Plus there are different styles of doing FTL, if you do one like jump points between systems you avoid the emptiness between solar systems but not the emptiness inside them. If you do the ship goes can just go FTL in a direction then you could run into junk (plus you don't shoot lasers you shoot FTL projectiles).



  • @locallunatic said:

    OK then how do you get to close range? You see them over there, but it is 5 light minutes away.

    @locallunatic said:

    if you do one like jump points between systems you avoid the emptiness between solar systems but not the emptiness inside them

    Usually it also assumes sub-light drives that can operate at a fairly significant fraction of c, without complete loss of maneuverability. Ships only switch on their FTL drive when they have a very long, completely open space in front of them.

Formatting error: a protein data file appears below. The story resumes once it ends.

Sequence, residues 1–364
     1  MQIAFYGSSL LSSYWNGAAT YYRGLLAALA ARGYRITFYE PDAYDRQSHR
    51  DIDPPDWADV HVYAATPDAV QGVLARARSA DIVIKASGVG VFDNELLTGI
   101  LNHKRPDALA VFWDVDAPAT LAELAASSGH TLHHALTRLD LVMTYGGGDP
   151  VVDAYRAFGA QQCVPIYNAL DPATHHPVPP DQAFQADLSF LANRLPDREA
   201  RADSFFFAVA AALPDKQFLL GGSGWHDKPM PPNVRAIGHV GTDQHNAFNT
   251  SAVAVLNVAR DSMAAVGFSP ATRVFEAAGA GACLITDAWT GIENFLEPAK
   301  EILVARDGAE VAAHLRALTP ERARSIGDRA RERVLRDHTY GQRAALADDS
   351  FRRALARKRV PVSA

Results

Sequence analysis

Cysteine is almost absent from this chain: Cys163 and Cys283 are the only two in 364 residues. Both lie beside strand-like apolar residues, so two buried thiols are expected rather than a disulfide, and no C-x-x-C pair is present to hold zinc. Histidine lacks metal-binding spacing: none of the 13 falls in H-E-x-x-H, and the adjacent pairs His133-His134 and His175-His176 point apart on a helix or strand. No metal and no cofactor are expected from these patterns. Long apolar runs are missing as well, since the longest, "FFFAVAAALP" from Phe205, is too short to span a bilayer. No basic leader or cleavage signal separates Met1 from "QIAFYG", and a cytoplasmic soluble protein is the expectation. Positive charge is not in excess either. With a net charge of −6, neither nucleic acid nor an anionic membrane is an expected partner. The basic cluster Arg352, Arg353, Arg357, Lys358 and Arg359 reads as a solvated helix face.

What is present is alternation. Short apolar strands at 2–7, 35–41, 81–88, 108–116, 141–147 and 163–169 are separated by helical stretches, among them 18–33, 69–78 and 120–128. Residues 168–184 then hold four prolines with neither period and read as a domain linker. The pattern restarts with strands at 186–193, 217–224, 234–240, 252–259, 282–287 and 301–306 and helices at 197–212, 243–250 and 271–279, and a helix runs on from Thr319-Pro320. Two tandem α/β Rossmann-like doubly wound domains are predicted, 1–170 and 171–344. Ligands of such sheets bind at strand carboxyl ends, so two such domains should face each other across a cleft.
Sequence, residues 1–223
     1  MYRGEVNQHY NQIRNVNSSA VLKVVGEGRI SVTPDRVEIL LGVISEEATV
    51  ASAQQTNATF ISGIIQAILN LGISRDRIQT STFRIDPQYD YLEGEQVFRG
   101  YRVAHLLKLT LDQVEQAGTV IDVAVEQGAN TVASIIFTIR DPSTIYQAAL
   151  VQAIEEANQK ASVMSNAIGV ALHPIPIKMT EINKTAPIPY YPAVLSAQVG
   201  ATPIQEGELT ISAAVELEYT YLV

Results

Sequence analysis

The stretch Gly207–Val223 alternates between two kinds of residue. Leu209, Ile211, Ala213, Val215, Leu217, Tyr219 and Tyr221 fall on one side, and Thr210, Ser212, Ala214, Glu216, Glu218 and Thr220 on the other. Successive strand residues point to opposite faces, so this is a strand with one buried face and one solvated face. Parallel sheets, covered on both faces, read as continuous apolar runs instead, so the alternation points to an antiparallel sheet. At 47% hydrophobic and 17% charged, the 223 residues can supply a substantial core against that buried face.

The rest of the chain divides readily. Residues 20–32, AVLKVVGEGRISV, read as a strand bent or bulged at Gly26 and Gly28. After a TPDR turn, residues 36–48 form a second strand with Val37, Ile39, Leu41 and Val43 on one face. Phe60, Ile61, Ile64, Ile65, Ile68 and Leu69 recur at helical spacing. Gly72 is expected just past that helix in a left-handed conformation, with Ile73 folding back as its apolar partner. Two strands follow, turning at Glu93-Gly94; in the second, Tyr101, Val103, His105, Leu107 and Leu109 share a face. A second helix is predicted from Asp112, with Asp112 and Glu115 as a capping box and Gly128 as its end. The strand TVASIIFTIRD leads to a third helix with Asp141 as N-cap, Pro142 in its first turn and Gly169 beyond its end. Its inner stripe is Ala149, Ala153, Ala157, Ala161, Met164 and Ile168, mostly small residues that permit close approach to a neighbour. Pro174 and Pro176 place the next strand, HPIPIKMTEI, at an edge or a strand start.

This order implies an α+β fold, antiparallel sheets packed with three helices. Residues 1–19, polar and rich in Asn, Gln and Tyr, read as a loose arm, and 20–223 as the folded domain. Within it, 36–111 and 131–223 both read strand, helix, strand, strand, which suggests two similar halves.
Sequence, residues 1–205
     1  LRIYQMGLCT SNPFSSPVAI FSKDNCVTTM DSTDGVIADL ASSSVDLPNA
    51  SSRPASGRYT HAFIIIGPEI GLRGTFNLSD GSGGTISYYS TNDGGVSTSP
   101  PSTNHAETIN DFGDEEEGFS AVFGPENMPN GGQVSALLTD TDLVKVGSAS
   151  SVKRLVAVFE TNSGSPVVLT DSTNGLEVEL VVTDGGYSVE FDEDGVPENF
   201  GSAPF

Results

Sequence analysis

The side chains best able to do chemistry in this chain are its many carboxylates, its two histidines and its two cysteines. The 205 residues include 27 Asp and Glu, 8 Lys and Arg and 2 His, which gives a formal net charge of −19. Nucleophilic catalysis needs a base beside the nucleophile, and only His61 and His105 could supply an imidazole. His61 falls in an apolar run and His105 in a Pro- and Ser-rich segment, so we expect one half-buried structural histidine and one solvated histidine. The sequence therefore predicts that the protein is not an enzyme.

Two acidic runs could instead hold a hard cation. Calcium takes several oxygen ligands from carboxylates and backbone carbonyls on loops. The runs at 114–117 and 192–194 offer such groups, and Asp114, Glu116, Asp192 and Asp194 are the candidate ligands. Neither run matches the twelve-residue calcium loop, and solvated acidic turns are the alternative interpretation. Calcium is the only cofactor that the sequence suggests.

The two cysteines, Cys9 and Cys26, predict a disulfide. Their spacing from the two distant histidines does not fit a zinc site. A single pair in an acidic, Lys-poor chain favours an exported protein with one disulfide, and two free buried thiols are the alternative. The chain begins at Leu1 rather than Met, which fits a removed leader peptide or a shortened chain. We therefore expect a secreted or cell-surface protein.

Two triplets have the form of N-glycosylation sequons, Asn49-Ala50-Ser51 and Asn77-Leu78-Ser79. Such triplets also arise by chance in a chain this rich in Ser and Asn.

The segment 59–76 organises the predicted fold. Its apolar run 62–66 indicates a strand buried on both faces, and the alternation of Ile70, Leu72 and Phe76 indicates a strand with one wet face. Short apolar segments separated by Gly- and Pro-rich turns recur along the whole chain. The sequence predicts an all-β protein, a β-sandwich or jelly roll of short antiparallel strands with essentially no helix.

• @anotherusername said:

    Usually it also assumes sub-light drives that can operate at a fairly significant fraction of c,

    Which would get you back to the lead them a bunch from where you see them (they were there minutes ago so extrapolate where they are and where they will be when the shot gets to them) and fire lasers or equivalent from long ranges. It doesn't remove the vast distances unless you hand wave it for story excitement purposes (which makes sense to do but is ignoring the vast distance issues rather than eliminating them like you claimed).



  • @locallunatic said:

    Which would get you back to the lead them a bunch from where you see them (they were there minutes ago so extrapolate where they are and where they will be when the shot gets to them) and fire lasers or equivalent from long ranges.